AMURU: Members of Atiak Sugarcane Out Growers Cooperative in Amuru district are decrying the frequent outbreak of fires that have devastated their farms and left them counting huge losses.
About 3 fires targeting Atiak Sugarcane plantations have broken out in quick succession in the last 4 months, destroying millions of shillings’ worth of sugarcane. The latest fire broke out on Thursday last week, destroying 200 acres of sugarcane worth shs.600million in Gem Village, Pacilo East Parish.
The source of the fire is not yet understood, but the affected farmers say such fires have become a routine occurrence in recent months. Last year, 85 acres of sugarcane in the same area were consumed by a similarly conspicuous fire, while before, it in December 2018, 600 acres of sugarcane were also burnt, in a worrying trend that has left farmers unsure of how to protect their farms.
On Thursday, a case of arson was reported at Atiak Police station under CRB 08/2020, and police authorities say they’re doing their best to get to the bottom of what’s causing these fires.
While the real cause of the fire is still a mystery, other locals in the area suggest the fires could be an inside job, with some members of the Atiak Sugar Community aggrieved with the management of the Atiak Sugar project choosing to sabotage the enterprise.
Amuru LCV Chairperson Michael Lakony told theCooperator that they (district authorities) been long receiving complaints and disputes between the out-growers and Atiak Sugar project management many of which remain unresolved to date.
Although the Atiak Sugar Factory has provided needed income to thousands of sugarcane out-growers in the districts of Gulu, Amuru, Kitgum, Lamwo, Omoro, Pader, Agago, and Adjumani, majority of these (women constitute 80%), in order to maximize output are staying on the farms with neither security nor decent accommodation. TheCooperator has learned that most of the women spend nights in makeshift tents in camps within the farms. Moreover, sometimes, the factory delays to pay them, yet for the majority, sugarcane growing is the main source of livelihood.
“We have advised them to deal with the grievances they might be having in some areas so that harmony is realized. Nobody should reach a point of wanting to burn down their wealth. As a district, we have advised Haryal investment Holdings Limited officials on how they can do business on win-win situation but nothing much has been implemented,” says Lakony.
Joyce Laker, the chairperson of the out-growers is however adamant the fires will not drown their production momentum. “Preventive measures will be put in place, vigilantes who are also members of the cooperative will be on the high alert to keep closely monitoring their plantations,” she says.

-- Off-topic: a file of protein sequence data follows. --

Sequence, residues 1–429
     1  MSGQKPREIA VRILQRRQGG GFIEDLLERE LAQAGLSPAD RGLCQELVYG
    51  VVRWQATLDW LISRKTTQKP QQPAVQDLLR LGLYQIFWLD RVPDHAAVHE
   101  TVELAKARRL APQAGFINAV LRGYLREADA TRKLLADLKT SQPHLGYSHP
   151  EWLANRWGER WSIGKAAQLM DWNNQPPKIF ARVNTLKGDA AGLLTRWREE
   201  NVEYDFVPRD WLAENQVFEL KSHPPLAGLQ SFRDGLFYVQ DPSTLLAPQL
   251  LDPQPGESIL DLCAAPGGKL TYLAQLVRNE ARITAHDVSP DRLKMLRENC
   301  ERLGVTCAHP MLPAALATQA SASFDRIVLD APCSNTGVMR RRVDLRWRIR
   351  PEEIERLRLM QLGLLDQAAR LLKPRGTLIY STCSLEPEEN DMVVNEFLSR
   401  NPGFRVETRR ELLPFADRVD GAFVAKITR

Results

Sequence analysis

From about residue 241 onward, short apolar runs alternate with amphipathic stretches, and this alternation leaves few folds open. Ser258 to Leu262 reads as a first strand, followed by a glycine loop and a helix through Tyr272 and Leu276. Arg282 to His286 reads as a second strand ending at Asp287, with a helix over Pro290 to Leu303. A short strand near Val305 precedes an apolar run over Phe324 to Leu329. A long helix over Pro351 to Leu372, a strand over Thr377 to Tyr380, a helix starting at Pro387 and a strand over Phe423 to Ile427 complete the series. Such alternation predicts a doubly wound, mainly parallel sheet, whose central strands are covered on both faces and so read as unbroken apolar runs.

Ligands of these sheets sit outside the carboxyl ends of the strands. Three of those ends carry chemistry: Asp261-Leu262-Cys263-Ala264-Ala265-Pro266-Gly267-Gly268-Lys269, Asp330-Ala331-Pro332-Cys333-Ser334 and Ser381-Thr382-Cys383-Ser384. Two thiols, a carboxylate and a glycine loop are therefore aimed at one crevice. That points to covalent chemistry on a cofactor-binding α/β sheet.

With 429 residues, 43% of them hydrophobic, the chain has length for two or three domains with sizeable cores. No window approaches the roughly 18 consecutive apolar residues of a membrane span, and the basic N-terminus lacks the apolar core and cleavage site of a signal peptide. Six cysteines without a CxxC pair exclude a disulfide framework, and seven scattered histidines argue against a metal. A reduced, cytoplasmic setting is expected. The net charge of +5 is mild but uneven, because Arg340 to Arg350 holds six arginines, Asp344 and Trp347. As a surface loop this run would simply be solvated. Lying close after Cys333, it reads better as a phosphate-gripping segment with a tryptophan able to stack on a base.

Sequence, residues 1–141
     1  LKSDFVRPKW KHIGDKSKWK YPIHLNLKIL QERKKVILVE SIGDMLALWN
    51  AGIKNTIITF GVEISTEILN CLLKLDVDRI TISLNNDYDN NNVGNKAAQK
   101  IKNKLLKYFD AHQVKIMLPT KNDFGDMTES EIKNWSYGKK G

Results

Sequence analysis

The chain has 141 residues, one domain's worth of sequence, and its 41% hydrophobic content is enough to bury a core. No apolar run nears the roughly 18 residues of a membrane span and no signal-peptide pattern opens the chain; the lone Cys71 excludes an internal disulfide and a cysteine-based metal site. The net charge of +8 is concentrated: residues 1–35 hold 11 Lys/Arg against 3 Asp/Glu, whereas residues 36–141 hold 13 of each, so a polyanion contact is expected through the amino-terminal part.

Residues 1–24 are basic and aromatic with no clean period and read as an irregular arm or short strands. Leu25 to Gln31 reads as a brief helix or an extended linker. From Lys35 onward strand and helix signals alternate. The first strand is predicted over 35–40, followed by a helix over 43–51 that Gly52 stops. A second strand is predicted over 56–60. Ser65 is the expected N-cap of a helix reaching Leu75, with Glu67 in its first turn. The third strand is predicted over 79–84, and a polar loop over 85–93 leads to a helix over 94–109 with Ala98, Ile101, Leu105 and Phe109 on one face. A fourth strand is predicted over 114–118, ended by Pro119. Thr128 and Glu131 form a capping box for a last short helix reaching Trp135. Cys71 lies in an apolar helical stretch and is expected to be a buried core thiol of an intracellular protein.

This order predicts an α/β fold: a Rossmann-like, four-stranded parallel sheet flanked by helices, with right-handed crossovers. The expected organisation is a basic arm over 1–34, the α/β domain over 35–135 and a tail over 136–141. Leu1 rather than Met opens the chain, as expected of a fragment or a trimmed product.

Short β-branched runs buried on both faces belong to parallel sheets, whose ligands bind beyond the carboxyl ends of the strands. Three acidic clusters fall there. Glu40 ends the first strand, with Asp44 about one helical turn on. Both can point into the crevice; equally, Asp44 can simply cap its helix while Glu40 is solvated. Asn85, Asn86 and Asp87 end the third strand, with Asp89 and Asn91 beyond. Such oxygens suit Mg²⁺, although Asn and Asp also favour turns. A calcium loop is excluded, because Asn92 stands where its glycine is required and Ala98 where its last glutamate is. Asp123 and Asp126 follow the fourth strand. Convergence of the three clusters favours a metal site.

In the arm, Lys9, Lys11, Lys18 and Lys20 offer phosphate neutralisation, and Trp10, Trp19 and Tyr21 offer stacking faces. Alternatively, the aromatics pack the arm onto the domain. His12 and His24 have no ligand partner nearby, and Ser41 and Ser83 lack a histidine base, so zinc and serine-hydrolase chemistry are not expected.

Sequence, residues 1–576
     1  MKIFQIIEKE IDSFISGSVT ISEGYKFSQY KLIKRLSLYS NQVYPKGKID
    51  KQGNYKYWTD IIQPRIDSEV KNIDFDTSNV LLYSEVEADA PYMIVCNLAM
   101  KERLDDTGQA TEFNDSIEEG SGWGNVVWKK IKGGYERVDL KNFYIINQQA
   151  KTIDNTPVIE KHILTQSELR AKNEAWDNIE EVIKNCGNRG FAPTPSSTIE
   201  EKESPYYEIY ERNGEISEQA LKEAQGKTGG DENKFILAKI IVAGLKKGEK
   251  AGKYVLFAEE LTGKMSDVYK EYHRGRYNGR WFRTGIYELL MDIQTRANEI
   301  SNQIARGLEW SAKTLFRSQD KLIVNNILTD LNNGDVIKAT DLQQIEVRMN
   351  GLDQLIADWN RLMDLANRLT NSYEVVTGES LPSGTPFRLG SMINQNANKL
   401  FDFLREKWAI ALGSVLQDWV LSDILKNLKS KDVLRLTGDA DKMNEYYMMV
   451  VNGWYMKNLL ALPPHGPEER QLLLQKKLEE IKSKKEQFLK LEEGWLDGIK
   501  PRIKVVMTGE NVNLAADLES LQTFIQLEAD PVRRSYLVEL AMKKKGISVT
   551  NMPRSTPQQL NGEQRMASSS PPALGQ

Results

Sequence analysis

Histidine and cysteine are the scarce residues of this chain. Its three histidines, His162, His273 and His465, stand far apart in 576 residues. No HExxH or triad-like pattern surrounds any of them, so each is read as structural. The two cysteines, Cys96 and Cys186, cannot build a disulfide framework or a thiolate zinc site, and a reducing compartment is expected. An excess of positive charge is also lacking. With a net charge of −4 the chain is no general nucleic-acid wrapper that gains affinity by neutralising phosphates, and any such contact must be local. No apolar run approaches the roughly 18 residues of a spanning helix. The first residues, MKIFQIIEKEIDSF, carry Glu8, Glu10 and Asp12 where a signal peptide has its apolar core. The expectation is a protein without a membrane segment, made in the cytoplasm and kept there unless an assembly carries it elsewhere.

Aswa region Police PRO Jimmy Okema told theCooperator that because of the size of the plantations, the fires are realized late after they have already consumed millions of shillings of crops, with the Police responding after so much damage has already been done. “There is need to have a watchtower so that fire can be seen from afar and firefighters called to rescue the situation early enough,” he said
He said the Police are embarking on a sensitization campaign in the community on the dangers of bush burning which often becomes rampant in the dry season. “The fires are rampant then (in the dry season) because people here are hunting for edible rats commonly known as Anyeri,” Okema said.
Lakony told theCooperator that the authorities will do their best to get to the bottom of what’s causing the fires because government has invested so much in the Atiak Sugar Factory to see it ruined or abandoned by frustrated out-growers.
The government has so far invested in excess of shs.127billion in the Atiak Sugar Factory, including shs.62.5billion through NAADs to support out-growers to clear land and buy sugarcane seeds to be able to supply the factory with constant sugarcane.
Started in 2014, the factory is a joint investment by Haryal investment Holdings Limited owned by businesswoman Amina Hersi and the Government of Uganda through Uganda Development Corporation, in which the latter owns 32% shares.
The factory currently sits on more than 25,000 acres of land at Gem Village, Pacilo East Parish, Atiak Sub-county in Amuru District and is once complete, expected to process 1,650 tons of sugarcane per day at full capacity, employ at least 1,500 workers directly and about 5000 out-growers indirectly.
Presently, the factory consumes sugarcane from about 15,000 acres, which are expected to increase to at least 25,000 acres when it begins full operation expected this year.